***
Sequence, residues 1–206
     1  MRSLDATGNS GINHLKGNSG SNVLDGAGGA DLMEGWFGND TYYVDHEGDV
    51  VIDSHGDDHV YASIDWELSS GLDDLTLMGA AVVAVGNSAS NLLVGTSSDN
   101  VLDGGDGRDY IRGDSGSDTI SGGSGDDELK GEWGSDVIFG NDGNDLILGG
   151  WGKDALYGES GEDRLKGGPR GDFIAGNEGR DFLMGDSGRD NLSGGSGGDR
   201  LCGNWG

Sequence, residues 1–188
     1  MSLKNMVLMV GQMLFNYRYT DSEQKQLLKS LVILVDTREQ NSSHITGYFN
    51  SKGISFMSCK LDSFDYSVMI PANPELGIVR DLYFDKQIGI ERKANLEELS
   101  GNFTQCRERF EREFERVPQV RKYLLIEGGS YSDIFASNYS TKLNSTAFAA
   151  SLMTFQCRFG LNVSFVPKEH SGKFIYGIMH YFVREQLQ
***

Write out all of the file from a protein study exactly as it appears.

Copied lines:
Sequence, residues 1–206
     1  MRSLDATGNS GINHLKGNSG SNVLDGAGGA DLMEGWFGND TYYVDHEGDV
    51  VIDSHGDDHV YASIDWELSS GLDDLTLMGA AVVAVGNSAS NLLVGTSSDN
   101  VLDGGDGRDY IRGDSGSDTI SGGSGDDELK GEWGSDVIFG NDGNDLILGG
   151  WGKDALYGES GEDRLKGGPR GDFIAGNEGR DFLMGDSGRD NLSGGSGGDR
   201  LCGNWG

Sequence, residues 1–188
     1  MSLKNMVLMV GQMLFNYRYT DSEQKQLLKS LVILVDTREQ NSSHITGYFN
    51  SKGISFMSCK LDSFDYSVMI PANPELGIVR DLYFDKQIGI ERKANLEELS
   101  GNFTQCRERF EREFERVPQV RKYLLIEGGS YSDIFASNYS TKLNSTAFAA
   151  SLMTFQCRFG LNVSFVPKEH SGKFIYGIMH YFVREQLQ